>> the head of customs and border protection, that would be chris magnus, has resigned just days after first refusing to step down. mike tobin is at the border. what's this chris magnus scandal all about? >> reporter: it wasn't even days, it was a day before saying he was not going to step down. people are unhappy about how things are going at the boarder and quite possibly he's being thrown before the bear so the president can get on with some other things. for all the politics and
shakeups, the people coming to the united states, the people smuggling them in, they are undeterred and not stopping at all. another big group showed up in eagle pass, texas, this morning and about 300 strong when they arrived and numbers down to about 20, we can show you pictures from the fox news drone team because the buses have been coming to get them all morning. when the big groups showed up this morning, they were from a lot of usual places, venezuela, cuba, nicaragua, places people are coming from all the time. the department of public safety officers encountered a smuggler officer in a rented pickup. the trooper went to check on the driver and he sped off and took troops on a high speed chase up u.s. 90 and the truck wrecked and driver took off on foot and four illegal immigrants were picked up and all the traffic uninterrupted by the shakeup in washington less than a day saying he's not going to resign. the commissioner of customs and border protection resigned under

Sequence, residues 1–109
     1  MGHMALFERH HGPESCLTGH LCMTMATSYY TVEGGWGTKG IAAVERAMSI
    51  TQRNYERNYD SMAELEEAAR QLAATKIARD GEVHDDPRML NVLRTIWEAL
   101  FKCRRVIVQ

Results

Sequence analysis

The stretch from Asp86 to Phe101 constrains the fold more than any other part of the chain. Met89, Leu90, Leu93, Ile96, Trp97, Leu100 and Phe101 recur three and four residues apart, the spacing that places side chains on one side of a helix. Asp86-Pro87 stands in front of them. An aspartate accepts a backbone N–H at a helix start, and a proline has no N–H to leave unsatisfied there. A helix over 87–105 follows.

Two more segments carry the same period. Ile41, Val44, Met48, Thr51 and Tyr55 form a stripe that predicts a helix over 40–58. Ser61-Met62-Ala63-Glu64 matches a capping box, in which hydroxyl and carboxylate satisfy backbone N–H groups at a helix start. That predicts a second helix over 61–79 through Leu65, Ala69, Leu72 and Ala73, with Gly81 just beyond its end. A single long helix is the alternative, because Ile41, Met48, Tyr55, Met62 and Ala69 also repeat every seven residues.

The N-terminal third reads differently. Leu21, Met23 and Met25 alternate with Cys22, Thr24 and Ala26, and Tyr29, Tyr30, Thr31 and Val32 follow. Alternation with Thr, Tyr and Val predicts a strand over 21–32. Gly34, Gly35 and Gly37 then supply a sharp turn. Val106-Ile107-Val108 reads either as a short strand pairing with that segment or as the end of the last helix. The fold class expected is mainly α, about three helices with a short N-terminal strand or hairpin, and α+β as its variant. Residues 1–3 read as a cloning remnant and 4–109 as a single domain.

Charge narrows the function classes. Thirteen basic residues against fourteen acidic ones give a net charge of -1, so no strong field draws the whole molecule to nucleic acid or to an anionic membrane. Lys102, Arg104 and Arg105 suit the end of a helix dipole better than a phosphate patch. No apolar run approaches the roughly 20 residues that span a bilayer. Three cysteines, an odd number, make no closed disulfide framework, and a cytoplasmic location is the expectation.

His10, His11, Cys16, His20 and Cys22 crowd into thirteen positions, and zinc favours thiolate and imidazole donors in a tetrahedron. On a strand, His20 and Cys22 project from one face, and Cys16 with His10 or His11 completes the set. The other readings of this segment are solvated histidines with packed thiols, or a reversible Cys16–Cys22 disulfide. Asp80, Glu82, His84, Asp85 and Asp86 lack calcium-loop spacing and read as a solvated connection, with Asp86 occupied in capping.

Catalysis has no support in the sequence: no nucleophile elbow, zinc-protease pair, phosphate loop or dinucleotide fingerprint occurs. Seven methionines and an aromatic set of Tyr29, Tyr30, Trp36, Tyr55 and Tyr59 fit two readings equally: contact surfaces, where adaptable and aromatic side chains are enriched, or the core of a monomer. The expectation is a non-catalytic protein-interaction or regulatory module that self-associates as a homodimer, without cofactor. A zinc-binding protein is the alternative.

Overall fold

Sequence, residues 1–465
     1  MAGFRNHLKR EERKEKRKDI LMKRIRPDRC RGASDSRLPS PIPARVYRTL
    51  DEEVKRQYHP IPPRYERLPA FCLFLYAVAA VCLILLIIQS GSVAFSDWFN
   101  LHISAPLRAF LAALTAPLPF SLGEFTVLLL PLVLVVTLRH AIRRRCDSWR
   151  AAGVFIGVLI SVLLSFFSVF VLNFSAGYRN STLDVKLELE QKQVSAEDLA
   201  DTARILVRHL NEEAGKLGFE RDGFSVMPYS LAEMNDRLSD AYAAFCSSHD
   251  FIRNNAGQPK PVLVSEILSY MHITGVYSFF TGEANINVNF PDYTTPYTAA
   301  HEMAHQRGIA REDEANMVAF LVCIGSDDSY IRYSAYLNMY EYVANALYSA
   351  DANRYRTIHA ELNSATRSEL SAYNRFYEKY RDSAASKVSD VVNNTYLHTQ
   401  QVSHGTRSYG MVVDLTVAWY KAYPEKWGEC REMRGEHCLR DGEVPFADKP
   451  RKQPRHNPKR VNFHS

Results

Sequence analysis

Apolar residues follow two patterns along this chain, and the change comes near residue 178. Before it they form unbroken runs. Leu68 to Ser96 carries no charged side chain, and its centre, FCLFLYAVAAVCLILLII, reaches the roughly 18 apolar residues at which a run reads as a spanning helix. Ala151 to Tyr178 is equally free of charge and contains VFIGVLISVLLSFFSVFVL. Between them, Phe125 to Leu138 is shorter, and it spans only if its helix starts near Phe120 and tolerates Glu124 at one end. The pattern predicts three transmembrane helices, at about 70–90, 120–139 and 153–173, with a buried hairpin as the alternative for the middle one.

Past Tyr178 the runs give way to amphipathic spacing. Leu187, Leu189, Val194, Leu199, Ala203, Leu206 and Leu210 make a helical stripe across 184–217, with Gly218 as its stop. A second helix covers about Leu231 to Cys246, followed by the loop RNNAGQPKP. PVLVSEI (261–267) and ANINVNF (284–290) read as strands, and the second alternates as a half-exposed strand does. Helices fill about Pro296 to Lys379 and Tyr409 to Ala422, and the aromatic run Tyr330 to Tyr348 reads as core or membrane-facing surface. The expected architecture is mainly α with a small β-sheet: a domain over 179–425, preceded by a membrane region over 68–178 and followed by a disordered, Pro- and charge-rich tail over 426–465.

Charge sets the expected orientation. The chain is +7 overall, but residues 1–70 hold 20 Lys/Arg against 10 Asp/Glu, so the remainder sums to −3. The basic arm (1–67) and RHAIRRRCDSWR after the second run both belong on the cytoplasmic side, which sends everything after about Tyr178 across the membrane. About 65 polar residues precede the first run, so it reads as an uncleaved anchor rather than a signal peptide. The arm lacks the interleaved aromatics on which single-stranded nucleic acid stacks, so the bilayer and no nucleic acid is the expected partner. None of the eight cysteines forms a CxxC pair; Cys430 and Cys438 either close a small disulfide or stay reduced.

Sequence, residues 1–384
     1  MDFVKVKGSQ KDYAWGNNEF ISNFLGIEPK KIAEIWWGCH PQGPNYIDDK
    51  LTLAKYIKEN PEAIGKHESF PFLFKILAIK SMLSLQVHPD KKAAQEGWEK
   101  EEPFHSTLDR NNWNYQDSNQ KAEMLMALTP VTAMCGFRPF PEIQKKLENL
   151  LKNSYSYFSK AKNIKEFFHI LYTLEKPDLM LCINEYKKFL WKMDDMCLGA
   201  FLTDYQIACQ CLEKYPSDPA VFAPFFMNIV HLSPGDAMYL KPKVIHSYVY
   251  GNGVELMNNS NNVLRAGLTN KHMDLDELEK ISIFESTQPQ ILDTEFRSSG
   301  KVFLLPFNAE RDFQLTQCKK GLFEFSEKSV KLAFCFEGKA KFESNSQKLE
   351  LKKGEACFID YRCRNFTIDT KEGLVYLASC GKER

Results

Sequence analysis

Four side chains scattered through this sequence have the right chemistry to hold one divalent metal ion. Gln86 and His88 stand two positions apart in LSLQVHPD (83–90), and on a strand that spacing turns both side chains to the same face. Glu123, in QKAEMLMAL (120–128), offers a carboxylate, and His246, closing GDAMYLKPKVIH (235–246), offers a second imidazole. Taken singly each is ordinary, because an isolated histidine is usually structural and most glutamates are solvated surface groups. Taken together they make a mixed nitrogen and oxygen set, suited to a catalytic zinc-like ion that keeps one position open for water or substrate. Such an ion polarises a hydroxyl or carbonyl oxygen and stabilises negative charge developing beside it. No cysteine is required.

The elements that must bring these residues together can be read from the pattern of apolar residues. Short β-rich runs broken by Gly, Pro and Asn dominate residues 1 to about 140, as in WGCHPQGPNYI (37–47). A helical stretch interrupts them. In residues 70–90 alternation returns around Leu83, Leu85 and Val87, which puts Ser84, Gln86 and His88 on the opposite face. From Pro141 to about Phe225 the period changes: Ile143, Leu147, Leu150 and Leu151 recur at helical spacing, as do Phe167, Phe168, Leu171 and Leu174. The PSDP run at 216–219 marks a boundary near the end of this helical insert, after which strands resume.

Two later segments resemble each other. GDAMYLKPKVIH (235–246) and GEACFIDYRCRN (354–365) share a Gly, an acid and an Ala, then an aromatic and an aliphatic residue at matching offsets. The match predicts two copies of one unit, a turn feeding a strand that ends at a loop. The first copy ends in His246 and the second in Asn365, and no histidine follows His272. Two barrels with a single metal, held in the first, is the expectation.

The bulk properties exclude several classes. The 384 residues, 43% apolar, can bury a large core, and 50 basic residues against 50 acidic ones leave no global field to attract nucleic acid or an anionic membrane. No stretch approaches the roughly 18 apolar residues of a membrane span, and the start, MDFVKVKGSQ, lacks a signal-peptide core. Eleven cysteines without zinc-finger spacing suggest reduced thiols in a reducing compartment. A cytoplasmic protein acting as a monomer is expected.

pressure and he submitted his resignation and the president accepted and cops and agency at the border are not optimistic things will get better. in a series of angry tweets, the border patrol union said they have little confidence that magnus replacement will be any better. the core problem remains biden, harris, and ma mayorkas and intm was troy miller before magnus was confirmed. stu: thank you, mike. officials in philadelphia are preparing for a bus load of migrants to arrive this week from texas. it'll be the first migrant bus to arrive in that city. the exact dropoff location not yet known and when we find out, i'm sure the cameras will be there. speaking of philadelphia, mexico's government used football gamessage of that city's homeless and drug crisis. what were they using it for? lauren: mexico's antidrug ad
from kens ei kensington and thes five but should have champion san francisco, new york, kansas, you name it. part of the reasons our streets look look what you're looking at in philadelphia is because of the fentanyl that mexico is exporting to us and export nearly everything they produce. stu: precisely. lauren: it baffles my mind. stu: boggles the mind. it's a serious thing. that's not a good treatment of it. lauren, thank you very much. show me the dow 30. we like to do this to give you a sense of the market. there's some buying this morning and dow is up 65 points and how about two-thirds of the dow 30 on the upside. one of the democrat's biggest donors is the disgraced crypto billionaire, no longer a billionaire, sam bankman-fried and poured $40 million into the